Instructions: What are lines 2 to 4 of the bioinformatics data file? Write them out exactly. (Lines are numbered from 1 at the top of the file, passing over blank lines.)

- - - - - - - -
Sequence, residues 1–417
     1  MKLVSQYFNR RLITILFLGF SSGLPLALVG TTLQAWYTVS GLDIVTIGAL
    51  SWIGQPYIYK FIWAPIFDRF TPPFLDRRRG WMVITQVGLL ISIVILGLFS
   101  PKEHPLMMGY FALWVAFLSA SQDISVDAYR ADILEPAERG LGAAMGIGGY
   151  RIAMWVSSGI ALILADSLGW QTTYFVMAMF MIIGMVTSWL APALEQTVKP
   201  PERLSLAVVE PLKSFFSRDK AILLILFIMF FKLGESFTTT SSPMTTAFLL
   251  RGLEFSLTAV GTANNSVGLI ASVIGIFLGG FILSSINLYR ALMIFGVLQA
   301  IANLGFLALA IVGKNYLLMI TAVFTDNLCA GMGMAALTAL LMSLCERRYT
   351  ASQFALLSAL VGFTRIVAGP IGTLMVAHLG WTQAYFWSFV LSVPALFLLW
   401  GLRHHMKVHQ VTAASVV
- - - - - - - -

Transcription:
     1  MKLVSQYFNR RLITILFLGF SSGLPLALVG TTLQAWYTVS GLDIVTIGAL
    51  SWIGQPYIYK FIWAPIFDRF TPPFLDRRRG WMVITQVGLL ISIVILGLFS
   101  PKEHPLMMGY FALWVAFLSA SQDISVDAYR ADILEPAERG LGAAMGIGGY